Pump-and-dump schemes long pre-date the invention of virtual currencies…The CFTC encourages all customers to thoroughly research potential investments, stay informed about tactics commonly used in investment fraud, and avoid investment opportunities they don’t fully understand.

Common Pump-and-Dump Tactics

The agency explained that “the organizers of the scheme will commonly spread rumors and urge immediate buying,” often through social media, noting that:

Some pump and dumps use false news reports, typically about a famous high-tech business leader or investor who plans to pour millions of dollars into a small, lesser known virtual currency or coin. Other fake news stories have featured major retailers, banks, or credit card companies, announcing plans to partner with one virtual currency or another.

After a certain length of time following the pump, the Commission states, the dump will begin. “The price falls and victims are left with currency or tokens that are worth much less than what they expected. From beginning to end, these scams can be over in just a few minutes,” the agency describes and immediately advises: “Customers should avoid purchasing virtual currency or tokens based on tips shared over social media.”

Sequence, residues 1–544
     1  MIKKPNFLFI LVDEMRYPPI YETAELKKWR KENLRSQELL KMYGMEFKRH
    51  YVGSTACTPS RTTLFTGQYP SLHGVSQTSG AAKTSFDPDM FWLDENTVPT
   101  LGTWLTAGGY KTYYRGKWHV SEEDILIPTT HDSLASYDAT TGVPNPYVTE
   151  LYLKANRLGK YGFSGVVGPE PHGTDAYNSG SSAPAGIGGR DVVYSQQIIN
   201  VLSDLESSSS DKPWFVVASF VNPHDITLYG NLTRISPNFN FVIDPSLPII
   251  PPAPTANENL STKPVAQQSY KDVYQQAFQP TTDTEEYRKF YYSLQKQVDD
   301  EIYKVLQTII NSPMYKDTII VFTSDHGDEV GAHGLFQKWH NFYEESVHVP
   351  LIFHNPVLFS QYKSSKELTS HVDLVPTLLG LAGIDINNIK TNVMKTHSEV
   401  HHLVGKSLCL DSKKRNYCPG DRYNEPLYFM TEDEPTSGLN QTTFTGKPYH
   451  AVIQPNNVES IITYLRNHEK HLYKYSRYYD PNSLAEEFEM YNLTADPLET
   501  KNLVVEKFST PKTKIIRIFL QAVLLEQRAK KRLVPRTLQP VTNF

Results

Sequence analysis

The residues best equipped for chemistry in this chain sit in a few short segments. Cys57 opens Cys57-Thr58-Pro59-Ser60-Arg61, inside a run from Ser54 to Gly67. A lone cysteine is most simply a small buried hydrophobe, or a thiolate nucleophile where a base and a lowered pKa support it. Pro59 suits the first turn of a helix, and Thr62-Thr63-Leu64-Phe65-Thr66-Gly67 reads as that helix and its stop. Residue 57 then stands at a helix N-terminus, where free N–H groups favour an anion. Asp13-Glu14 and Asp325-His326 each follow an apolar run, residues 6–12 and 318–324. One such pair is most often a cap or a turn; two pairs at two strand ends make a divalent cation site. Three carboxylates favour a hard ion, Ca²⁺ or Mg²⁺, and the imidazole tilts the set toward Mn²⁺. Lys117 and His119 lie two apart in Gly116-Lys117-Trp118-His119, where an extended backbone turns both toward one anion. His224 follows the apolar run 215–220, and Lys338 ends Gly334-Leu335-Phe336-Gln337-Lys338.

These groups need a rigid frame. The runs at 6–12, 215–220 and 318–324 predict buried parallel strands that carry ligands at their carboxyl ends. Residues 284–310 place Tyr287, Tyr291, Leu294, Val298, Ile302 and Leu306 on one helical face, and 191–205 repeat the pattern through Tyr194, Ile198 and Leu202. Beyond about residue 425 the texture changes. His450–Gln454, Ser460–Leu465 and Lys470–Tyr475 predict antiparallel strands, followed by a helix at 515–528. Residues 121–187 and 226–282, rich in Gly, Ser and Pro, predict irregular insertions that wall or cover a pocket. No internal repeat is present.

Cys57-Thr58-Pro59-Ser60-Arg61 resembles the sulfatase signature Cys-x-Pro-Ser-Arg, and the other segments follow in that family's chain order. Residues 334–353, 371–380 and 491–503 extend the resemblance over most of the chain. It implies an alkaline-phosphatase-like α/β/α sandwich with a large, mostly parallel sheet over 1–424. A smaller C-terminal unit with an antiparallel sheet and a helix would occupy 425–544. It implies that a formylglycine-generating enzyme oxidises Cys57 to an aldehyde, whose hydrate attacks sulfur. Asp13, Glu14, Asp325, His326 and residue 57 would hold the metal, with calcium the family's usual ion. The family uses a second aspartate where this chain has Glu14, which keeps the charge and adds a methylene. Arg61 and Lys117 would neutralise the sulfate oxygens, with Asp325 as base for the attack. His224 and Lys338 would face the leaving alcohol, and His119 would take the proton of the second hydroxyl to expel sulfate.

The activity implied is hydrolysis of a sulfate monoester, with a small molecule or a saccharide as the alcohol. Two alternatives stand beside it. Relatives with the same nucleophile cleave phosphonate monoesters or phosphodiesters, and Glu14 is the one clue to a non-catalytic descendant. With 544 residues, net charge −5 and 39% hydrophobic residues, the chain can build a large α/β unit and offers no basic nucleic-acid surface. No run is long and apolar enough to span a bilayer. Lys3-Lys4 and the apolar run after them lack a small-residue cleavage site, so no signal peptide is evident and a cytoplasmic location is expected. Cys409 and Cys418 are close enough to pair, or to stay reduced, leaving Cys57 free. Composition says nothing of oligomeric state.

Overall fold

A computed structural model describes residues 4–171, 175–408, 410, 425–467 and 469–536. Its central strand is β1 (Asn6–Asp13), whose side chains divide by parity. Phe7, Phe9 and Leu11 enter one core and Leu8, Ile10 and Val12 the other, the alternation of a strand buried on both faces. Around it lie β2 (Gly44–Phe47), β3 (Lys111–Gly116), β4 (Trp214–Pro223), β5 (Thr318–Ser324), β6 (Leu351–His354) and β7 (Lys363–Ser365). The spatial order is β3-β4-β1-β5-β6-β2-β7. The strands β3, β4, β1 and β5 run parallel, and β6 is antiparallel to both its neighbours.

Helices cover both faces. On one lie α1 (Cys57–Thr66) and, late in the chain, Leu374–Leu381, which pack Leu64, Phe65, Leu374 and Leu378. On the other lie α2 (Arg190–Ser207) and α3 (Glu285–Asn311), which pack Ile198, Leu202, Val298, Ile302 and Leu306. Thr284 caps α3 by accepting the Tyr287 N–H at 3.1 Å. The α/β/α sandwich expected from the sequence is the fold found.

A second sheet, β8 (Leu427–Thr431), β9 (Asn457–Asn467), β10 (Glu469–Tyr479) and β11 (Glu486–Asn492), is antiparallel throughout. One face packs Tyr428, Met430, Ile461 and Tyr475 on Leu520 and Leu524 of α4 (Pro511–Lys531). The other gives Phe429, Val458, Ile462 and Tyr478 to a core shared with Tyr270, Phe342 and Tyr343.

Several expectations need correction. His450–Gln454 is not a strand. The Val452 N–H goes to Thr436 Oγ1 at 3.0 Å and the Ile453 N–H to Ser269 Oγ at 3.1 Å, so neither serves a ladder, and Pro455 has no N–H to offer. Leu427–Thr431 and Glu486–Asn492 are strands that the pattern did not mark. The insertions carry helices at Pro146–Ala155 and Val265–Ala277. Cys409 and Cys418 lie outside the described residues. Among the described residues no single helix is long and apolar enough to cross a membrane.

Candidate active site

What Crypto Buyers Should Do

US Regulator Warns Against Pump-and-Dumps and Advises How to Buy CryptoCiting that its job is to maintain “general anti-fraud and manipulation enforcement authority over virtual currency cash markets as a commodity in interstate commerce,” the CFTC revealed that it has received complaints from customers who have lost money to pump-and-dump schemes. Emphasizing that ultimately, “Customers should not purchase virtual currencies, digital coins, or tokens based on social media tips or sudden price spikes,” the Commission stated:

Customers can best protect themselves by purchasing only alternative virtual currencies, digital coins, or tokens that have been thoroughly researched – to separate hype from facts.

Last month, the CFTC took action against three cryptocurrency operators and their founders for commodity fraud and misappropriation.

CFTC Joins SEC and Finra in Warnings